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405 widening in Sepulveda Pass faces another obstacle

April 28, 2009 |  7:26 pm

405traffic On a typical day hundreds of thousands of commuters cram through the Sepulveda Pass, creating an unending line of tail lights that snake across the Santa Monica Mountains from the Westside to the San Fernando Valley during the afternoon commute.

For years, transportation officials have been pushing to ease the gridlock with a $1-billion widening project for the northbound 405 Freeway, which is considered one of the state’s most crowded roadways.

The project is supposed to move forward later this year. But the state’s grim financial situation may cause more delays.

The state was planning to sell $662 million in bonds to help pay for its share of the project, but has not yet been able to. It's unclear when officials will be able to sell the bonds.

The Metropolitan Transportation Authority is stepping in, allocating local and federal funds it had earmarked for the widening to get work started on the first phase.

Transportation officials have secured $372 million, which includes $189.9 million from the federal stimulus package and $127.1 million in other federal funds.

The money will allow the project to run for 15 months, while officials seek further funding, said MTA spokesman Dave Sotero.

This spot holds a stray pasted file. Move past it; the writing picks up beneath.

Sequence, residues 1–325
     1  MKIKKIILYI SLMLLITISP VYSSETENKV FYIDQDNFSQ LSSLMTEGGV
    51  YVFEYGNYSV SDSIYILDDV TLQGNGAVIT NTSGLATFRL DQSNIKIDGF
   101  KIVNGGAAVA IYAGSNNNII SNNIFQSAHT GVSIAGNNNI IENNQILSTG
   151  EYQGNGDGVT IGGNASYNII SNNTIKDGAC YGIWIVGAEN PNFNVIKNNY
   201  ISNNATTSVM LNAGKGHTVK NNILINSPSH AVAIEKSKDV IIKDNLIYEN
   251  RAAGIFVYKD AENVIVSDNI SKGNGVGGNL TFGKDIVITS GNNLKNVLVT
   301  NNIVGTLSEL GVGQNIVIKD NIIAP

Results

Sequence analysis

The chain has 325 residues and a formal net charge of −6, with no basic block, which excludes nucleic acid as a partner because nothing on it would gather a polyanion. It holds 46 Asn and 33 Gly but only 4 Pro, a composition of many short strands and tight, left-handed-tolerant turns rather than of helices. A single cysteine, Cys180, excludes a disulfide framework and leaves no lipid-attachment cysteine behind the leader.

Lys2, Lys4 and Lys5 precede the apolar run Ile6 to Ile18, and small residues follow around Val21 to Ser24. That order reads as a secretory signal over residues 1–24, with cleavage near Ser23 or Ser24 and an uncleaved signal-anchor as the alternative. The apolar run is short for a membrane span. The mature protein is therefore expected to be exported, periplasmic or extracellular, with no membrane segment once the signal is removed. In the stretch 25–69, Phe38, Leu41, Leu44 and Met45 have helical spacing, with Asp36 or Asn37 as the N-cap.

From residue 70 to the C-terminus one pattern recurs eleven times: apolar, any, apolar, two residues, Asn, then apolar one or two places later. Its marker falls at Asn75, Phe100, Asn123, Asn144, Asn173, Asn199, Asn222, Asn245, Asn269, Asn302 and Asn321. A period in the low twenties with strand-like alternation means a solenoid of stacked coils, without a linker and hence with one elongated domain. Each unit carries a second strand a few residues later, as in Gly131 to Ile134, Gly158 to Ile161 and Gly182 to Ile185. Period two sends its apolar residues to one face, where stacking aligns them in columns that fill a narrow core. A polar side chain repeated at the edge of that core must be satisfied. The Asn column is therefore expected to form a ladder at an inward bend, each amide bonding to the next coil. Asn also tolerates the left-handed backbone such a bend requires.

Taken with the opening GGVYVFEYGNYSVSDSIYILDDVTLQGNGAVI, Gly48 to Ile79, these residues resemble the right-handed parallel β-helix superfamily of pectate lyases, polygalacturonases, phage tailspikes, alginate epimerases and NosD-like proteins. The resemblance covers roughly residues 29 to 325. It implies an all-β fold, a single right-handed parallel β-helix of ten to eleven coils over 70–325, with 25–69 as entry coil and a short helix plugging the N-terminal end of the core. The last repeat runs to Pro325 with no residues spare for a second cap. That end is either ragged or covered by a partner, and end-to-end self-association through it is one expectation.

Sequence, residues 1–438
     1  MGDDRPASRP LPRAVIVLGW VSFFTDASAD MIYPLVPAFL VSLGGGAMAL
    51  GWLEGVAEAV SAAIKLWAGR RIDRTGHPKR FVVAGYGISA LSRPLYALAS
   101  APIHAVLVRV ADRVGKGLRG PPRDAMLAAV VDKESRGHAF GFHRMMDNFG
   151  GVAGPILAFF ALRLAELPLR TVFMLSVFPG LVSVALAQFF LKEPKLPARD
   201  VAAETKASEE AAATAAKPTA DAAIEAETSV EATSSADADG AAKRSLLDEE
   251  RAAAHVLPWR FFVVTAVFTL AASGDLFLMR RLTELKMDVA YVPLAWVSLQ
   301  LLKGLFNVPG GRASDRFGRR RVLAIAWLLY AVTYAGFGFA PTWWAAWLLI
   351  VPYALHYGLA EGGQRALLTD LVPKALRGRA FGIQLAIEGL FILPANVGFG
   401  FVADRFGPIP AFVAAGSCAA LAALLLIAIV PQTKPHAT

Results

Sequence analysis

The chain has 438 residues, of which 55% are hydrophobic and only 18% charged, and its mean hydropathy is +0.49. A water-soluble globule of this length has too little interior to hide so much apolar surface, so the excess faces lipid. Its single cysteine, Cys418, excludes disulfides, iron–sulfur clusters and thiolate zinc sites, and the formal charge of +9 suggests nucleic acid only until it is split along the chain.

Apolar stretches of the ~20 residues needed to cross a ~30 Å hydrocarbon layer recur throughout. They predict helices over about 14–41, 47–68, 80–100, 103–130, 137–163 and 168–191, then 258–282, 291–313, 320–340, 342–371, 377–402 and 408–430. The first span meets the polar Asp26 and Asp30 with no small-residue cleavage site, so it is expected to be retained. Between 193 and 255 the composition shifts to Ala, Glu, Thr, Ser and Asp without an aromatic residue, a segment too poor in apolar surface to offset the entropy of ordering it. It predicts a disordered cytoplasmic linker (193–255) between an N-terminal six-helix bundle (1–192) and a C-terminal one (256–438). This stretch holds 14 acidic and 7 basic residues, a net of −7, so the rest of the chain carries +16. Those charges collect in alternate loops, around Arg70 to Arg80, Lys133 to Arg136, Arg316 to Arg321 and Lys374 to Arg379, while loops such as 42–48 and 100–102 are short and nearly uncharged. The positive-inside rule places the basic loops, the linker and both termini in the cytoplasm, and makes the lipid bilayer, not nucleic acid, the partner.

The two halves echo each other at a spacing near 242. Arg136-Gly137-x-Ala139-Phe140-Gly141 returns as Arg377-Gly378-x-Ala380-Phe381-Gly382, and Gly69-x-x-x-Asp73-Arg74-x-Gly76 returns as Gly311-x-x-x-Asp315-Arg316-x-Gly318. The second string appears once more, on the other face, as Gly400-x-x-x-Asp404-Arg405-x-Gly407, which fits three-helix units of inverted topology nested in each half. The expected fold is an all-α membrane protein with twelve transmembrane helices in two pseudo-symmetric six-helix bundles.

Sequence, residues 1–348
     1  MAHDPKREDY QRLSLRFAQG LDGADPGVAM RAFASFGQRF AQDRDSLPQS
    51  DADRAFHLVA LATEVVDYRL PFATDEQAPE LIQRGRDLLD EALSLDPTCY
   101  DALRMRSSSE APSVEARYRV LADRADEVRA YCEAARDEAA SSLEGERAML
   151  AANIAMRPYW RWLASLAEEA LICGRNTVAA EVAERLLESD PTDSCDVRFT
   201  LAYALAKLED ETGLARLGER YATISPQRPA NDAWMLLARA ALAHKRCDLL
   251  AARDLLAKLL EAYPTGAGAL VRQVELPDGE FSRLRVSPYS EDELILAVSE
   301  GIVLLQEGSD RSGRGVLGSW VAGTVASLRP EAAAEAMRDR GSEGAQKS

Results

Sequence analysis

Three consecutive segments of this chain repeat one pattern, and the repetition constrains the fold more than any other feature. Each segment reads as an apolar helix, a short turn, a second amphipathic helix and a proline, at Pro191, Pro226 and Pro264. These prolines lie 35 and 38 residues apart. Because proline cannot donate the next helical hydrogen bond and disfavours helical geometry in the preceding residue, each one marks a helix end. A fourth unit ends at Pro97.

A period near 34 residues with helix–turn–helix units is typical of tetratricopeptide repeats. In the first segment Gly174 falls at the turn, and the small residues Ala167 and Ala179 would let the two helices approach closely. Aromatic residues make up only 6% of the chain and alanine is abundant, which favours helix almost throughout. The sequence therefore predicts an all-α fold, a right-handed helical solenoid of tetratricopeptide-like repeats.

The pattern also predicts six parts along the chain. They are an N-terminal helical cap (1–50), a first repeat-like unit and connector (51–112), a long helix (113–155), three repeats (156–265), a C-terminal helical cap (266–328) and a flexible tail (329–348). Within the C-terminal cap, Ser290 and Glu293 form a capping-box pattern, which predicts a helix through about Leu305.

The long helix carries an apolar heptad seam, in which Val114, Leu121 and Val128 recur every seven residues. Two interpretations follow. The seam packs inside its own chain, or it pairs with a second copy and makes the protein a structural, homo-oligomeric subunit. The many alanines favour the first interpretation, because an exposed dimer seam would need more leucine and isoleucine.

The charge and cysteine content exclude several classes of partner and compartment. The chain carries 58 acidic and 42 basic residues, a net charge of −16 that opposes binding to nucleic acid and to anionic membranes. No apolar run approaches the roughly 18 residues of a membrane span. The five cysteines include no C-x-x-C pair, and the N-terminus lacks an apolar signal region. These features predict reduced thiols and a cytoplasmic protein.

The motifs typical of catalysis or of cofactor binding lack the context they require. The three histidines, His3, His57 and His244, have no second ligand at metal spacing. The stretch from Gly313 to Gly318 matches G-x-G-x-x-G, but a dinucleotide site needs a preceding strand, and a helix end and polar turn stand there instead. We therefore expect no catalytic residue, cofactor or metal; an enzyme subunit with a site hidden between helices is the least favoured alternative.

The MTA Board of Directors voted to move forward with Phase One, which will include designing and relocating utilities that might impede the widening of the freeway, as well limited construction activity, Sotero said.

The plan calls for adding a carpool lane on a 10-mile stretch of the 405 northbound between the 10 and 101 freeways. The hope is that the lanes will encourage more people to share rides, ultimately easing congestion in the area.

"There’s not a time of the day that the 405 doesn’t stop and go," said Rick Thorpe of the MTA. "Not everyone will be carpooling, but it’s a huge impact.... It will bring a tremendous improvement there."

Sotero said MTA officials have been discussing scenarios in case funding from the state is delayed for long periods. One idea is for the MTA to temporarily purchase the bonds and carry the debt.

--Ruben Vives

Photo: L.A. Times